Ghost-writing is not a twentieth Century invention. In this volume for the Navy Records Society Dr Williams revealed that the classic best-seller, ‘A Voyage round the World by George Anson‘, purportedly written by Anson’s chaplain Richard Walter, had in fact been ghost-written by Benjamin Robins, a man who had not sailed on the voyage. Describing the ‘Walter narrative’, Dr Williams wrote: ‘In substance it was Anson’s account, ghosted for him by an accomplished writer, and it should be regarded as an apologia for Anson’s own conduct rather than as an impartial memoir’.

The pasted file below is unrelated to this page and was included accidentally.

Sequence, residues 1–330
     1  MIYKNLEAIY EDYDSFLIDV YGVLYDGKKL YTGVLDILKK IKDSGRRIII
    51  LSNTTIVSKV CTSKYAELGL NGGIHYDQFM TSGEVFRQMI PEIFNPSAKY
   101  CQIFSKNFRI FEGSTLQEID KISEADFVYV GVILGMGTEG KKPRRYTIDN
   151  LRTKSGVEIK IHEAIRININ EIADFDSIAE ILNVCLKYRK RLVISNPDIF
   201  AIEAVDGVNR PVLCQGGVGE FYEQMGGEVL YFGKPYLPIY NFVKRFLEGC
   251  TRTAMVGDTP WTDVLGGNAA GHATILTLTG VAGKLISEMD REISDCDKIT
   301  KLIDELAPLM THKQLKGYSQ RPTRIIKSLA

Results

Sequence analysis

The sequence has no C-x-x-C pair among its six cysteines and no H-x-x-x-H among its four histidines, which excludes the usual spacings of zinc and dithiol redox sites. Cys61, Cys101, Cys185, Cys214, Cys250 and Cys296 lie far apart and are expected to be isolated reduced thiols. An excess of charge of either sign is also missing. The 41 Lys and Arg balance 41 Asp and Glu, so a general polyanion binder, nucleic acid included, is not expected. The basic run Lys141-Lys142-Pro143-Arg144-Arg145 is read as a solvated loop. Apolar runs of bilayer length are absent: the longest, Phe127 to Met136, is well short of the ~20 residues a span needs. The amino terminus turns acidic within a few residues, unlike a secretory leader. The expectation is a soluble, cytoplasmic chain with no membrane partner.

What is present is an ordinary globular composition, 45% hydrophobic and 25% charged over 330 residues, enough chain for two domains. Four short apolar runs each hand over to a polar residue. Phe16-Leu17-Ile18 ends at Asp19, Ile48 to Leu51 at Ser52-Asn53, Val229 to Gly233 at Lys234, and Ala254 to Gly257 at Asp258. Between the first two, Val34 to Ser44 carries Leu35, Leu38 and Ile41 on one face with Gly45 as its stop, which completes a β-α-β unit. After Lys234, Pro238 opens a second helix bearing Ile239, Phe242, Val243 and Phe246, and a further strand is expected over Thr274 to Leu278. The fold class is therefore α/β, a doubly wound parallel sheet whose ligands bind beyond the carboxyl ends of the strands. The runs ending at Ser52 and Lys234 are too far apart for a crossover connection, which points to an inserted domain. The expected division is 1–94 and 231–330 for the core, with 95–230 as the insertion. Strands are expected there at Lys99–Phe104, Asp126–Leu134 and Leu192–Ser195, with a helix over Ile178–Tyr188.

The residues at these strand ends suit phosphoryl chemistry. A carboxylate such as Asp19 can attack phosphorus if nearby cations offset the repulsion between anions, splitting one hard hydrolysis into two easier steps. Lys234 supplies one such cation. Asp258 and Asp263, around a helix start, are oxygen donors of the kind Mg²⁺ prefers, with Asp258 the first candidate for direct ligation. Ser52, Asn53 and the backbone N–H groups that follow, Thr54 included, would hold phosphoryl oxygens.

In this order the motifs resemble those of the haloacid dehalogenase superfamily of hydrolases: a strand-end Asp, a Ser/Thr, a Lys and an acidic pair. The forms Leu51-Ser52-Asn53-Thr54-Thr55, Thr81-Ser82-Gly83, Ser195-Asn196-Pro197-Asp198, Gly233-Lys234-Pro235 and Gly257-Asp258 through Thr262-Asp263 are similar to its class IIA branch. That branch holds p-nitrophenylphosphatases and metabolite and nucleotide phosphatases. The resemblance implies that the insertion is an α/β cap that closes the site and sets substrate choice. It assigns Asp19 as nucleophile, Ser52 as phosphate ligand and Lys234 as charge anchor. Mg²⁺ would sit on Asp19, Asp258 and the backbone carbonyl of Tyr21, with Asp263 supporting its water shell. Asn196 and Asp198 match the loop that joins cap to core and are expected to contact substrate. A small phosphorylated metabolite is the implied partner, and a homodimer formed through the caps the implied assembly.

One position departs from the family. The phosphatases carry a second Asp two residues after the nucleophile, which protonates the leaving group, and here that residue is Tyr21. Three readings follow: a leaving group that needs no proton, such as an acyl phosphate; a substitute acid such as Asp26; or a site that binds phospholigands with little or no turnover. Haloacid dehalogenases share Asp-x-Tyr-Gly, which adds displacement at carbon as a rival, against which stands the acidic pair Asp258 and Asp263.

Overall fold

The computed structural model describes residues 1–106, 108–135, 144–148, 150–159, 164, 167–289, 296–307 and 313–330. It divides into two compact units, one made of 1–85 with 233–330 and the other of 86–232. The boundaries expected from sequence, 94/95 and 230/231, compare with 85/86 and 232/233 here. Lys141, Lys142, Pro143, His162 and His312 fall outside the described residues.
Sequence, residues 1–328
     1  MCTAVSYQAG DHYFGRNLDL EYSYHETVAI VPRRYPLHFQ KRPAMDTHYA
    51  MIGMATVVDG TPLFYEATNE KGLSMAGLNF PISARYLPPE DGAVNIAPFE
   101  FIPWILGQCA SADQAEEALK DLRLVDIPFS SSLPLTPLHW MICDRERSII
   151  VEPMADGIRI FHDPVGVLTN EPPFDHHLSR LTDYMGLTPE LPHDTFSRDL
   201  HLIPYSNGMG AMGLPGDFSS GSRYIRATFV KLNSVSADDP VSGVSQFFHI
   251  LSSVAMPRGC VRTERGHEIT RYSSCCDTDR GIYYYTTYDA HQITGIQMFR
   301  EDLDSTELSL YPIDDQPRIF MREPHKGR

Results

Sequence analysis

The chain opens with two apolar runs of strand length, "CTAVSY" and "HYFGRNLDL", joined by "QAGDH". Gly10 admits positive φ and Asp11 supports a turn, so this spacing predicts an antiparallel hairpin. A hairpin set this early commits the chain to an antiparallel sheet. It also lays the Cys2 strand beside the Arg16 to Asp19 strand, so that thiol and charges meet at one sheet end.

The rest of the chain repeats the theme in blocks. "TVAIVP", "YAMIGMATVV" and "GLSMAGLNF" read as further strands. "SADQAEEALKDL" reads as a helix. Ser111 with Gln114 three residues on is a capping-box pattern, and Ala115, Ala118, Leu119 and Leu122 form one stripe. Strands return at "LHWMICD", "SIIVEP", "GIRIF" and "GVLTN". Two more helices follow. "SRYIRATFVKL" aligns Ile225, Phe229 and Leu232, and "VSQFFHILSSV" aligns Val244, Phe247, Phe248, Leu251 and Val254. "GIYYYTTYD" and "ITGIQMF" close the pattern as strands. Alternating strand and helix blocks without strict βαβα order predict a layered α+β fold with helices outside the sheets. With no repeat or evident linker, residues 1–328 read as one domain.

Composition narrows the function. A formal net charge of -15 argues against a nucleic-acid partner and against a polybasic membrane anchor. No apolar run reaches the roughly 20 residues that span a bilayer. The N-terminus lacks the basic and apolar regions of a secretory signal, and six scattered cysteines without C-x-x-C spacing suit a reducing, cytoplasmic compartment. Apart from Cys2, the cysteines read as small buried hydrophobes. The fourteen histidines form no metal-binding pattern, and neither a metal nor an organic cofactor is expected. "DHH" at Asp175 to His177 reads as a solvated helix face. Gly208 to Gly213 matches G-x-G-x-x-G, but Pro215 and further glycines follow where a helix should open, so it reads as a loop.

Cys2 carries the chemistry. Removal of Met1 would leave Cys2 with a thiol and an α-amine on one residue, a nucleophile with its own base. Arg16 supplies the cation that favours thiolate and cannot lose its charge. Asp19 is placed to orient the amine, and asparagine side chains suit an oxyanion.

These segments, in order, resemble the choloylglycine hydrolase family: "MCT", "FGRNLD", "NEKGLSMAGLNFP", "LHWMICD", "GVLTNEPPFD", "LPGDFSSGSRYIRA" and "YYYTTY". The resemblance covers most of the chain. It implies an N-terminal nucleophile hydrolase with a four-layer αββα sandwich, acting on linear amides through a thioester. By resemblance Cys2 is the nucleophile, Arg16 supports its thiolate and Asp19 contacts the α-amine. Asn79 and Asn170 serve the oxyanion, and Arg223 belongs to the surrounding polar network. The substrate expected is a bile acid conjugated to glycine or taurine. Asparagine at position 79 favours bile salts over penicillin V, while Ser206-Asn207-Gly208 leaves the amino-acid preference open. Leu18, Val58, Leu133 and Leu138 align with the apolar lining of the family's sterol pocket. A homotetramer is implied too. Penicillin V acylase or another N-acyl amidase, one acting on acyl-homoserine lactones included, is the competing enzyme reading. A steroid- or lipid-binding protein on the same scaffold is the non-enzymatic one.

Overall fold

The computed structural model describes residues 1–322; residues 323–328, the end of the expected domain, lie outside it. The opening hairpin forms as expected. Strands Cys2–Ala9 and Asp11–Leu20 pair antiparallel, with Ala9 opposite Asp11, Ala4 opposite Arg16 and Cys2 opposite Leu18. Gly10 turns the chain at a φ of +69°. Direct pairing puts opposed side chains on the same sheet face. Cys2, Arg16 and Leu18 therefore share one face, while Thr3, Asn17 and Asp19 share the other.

No student of Anson’s epic voyage can ignore this NRS study which looks in detail at the origins of the voyage, its preparations and preliminary activities, the first stage of the voyage round Cape Horn, the second stage across the Pacific to Macao, the capture of the Spanish treasure galleon from Acapulco, Anson’s triumphal homecoming and the populist welcome given to the procession of thirty-two waggons laden with treasure on its journey from Portsmouth to London.
Dr Williams also examined the historical significance of the Voyage. Was it a throwback to the privateering days of Drake or should it be interpreted in the light of the subsequent development of the worldwide British Empire? ‘The documents printed here’, according to Dr Williams, ‘show that the discussions about the projected Pacific expeditions in 1739 were dominated by men who were looking to the future.’